Paul Meadlo, along with his division, was shooting at the civilians in the ditch in the Vietnamese town of My Lai. One Vietnamese mother, in an attempt to protect her son, tucked the little toddler underneath her, and the boy managed to avoid the gunfire. Toward the end of the afternoon, the men heard a noise, and saw the little boy climbing up through the ditch to run away.
Lieutenant Calley, a ranking officer at the scene, ordered Meadlo to shoot him. Meadlo couldn’t do it, staring at the child point-blank. Calley grabbed his smaller rifle and shot the boy.
The next day, Meadlo was walking on patrol, stepped on a land mine, and blew his right leg off at the knee. They called in a medevac, and as the chopper started to fly away, Meadlo began yelling: “God has punished me, and God will punish you,” yelling it over and over again.
This was one tale that Seymour Hersh told to a full crowd in Cahn Auditorium on Thursday, as part of a 90-minute lecture in which the Pulitzer Prize-winning investigative reporter reflected on misconceptions about the morality of war. Hersh, brought to campus for the 19th annual Richard W. Leopold Lectureship, is a renowned reporter and author on topics ranging from the Vietnam War to the most recent Abu Ghraib torture scandals.
“It’s misleading when we talk about bravery and heroism,” he said. “it distracts us from what war really is.”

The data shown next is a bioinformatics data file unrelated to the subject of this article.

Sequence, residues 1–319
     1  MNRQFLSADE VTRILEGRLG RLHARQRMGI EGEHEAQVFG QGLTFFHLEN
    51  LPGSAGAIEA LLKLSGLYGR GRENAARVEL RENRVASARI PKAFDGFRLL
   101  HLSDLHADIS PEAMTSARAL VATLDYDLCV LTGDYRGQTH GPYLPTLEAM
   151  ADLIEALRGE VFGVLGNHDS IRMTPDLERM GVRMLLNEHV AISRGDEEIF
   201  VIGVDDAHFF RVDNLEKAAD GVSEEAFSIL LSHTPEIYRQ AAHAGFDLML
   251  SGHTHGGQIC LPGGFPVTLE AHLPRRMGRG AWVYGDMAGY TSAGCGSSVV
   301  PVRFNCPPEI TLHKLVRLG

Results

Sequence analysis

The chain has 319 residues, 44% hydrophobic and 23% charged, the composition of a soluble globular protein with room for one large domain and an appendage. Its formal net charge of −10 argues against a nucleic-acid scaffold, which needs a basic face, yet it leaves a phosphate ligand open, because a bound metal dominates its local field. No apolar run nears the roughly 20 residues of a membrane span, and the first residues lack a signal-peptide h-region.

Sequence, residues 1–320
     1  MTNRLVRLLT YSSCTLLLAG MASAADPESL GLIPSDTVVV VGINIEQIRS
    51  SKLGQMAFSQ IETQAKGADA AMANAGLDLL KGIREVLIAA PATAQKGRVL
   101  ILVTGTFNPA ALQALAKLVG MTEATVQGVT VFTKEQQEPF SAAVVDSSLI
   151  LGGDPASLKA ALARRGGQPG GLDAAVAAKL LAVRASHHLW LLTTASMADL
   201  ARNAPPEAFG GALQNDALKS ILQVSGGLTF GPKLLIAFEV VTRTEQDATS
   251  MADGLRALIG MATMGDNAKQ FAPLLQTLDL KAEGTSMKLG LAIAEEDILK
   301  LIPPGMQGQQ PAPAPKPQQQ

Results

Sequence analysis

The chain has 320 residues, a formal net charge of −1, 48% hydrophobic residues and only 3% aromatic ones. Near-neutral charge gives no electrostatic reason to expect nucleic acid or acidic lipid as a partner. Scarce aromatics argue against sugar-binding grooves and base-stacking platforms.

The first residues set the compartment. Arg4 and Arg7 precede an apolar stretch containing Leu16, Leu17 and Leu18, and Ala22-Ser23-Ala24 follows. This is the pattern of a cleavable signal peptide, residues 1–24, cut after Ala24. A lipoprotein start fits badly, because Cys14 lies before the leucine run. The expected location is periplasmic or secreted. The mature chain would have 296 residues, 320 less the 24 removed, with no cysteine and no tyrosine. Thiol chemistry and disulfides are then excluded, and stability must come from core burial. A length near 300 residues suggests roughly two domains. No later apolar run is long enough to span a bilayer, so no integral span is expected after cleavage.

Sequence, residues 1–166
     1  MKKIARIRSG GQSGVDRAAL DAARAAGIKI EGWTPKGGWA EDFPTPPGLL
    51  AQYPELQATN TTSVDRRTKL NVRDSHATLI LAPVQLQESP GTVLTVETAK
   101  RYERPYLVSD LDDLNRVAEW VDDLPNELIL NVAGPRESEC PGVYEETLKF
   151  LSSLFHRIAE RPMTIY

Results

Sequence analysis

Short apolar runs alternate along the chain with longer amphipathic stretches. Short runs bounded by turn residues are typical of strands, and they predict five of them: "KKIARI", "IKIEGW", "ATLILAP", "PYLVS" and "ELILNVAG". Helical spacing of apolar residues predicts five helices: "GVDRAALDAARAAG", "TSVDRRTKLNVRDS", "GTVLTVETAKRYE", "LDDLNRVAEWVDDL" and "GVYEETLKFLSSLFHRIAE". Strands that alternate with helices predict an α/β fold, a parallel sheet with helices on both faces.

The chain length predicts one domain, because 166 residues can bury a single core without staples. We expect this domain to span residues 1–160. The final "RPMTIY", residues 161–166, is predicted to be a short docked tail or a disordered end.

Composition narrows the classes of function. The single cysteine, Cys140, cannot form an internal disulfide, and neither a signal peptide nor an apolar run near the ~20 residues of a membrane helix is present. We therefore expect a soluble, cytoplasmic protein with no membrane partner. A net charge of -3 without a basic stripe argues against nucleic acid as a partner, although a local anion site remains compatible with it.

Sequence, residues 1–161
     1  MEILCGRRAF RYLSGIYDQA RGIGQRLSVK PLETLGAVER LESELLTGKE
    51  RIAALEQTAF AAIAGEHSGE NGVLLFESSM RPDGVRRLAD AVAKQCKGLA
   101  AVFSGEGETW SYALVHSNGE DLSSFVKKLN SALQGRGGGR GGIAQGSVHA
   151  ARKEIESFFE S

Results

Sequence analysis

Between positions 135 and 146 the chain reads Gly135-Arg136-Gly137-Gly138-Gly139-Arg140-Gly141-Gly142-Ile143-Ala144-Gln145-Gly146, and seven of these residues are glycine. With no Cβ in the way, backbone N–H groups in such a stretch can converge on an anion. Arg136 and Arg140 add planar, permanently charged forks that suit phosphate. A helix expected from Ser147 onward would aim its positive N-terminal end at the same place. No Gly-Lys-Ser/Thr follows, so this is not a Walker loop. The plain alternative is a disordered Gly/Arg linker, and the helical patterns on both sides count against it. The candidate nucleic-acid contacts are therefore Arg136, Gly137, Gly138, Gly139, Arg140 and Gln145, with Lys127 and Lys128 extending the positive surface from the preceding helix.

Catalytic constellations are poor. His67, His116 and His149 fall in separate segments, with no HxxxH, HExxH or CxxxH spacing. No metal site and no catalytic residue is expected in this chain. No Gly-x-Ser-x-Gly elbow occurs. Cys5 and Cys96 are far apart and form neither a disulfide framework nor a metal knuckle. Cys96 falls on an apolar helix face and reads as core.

Drawing parallels between Iraq and Vietnam, Hersh shared with the audience his deep well of knowledge, explaining problems that our country faces in Iraq, Iran, Pakistan, Israel, Afghanistan and here at home. He seemed sure that America’s actions in Iraq and Afghanistan are destined for failure: “We made people more afraid of us then they are of the Taliban…we are fighting against ourselves.”
He also discussed the effect the violence has on both the psyche of our soldiers and the victims they leave in their wake, saying that “soldiers are often just as much the victims as the people they shoot”.
Hersh went on to comment on the search for “the moral position of America,” combining jokes about “the reign of King George II” and “Condoleezza Rice, the desperate housewife” with a critique of the invasion of Iraq as one done with no regard for the destruction left behind.
Making wisecracks along the way, Hersh referenced back to his times as a police reporter in Chicago, when he would sit with the cops, watching stag movies and smoking “what we called maryjane” that the police had previously confiscated.
He wasn’t without advice to young journalists either. “Two things: Read before you write and get the hell out of the way of the story,” he said as he moved to the post-lecture reception. “Know enough to write it in such a way it comes across what you want to say… but you can’t do it without reading.”